Lab 9 Solutions

Solution Files

Topics

Consult this section if you need a refresher on the material for this lab. It's okay to skip directly to the questions and refer back here should you get stuck.

Linked Lists

We've learned that a Python list is one way to store sequential values. Another type of list is a linked list. A Python list stores all of its elements in a single object, and each element can be accessed by using its index. A linked list, on the other hand, is a recursive object that only stores two things: its first value and a reference to the rest of the list, which is another linked list.

We can implement a class, Link, that represents a linked list object. Each instance of Link has two instance attributes, first and rest.

class Link:
    """A linked list.

    >>> s = Link(1)
    >>> s.first
    1
    >>> s.rest is Link.empty
    True
    >>> s = Link(2, Link(3, Link(4)))
    >>> s.first = 5
    >>> s.rest.first = 6
    >>> s.rest.rest = Link.empty
    >>> s                                    # Displays the contents of repr(s)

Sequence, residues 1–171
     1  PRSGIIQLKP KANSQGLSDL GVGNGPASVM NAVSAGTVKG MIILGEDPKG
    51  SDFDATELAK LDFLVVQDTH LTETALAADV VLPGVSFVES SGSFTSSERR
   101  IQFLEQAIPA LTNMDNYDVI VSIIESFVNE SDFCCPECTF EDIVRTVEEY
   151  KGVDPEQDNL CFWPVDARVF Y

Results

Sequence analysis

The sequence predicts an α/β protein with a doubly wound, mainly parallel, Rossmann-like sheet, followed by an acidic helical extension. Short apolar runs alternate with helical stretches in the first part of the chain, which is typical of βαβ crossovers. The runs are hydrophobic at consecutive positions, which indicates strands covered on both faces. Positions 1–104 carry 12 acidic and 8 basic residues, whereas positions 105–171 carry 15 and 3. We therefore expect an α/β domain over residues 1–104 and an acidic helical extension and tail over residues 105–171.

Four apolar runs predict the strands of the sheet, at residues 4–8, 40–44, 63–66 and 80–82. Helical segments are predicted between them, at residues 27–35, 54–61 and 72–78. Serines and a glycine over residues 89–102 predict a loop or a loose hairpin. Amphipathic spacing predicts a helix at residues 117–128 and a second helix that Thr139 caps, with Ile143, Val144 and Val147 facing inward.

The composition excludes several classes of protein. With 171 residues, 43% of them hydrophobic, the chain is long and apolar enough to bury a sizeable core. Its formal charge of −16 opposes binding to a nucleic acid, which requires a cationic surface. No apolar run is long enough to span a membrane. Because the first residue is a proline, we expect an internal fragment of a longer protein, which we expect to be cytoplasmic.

Link(5, Link(6))
    >>> s.rest = Link(7, Link(Link(8, Link(9))))
    >>> s
    Link(5, Link(7, Link(Link(8, Link(9)))))
    >>> print(s)                             # Prints str(s)
    <5 7 <8 9>>
    """
    empty = ()

    def __init__(self, first, rest=empty):
        assert rest is Link.empty or isinstance(rest, Link)
        self.first = first
        self.rest = rest

    def __repr__(self):
        if self.rest is not Link.empty:
            rest_repr = ', ' + repr(self.rest)
        else:
            rest_repr = ''
        return 'Link(' + repr(self.first) + rest_repr + ')'

    def __str__(self):
        string = '<'
        while self.rest is not Link.empty:
            string += str(self.first) + ' '
            self = self.rest
        return string + str(self.first) + '>'

A valid linked list can be one of the following:

  1. An empty linked list (Link.empty)
  2. A Link object containing the first value of the linked list and a reference to the rest of the linked list

What makes a linked list recursive is that the rest attribute of a single Link instance is another linked list! In the big picture, each Link instance stores a single value of the list. When multiple Links are linked together through each instance's rest attribute, an entire sequence is formed.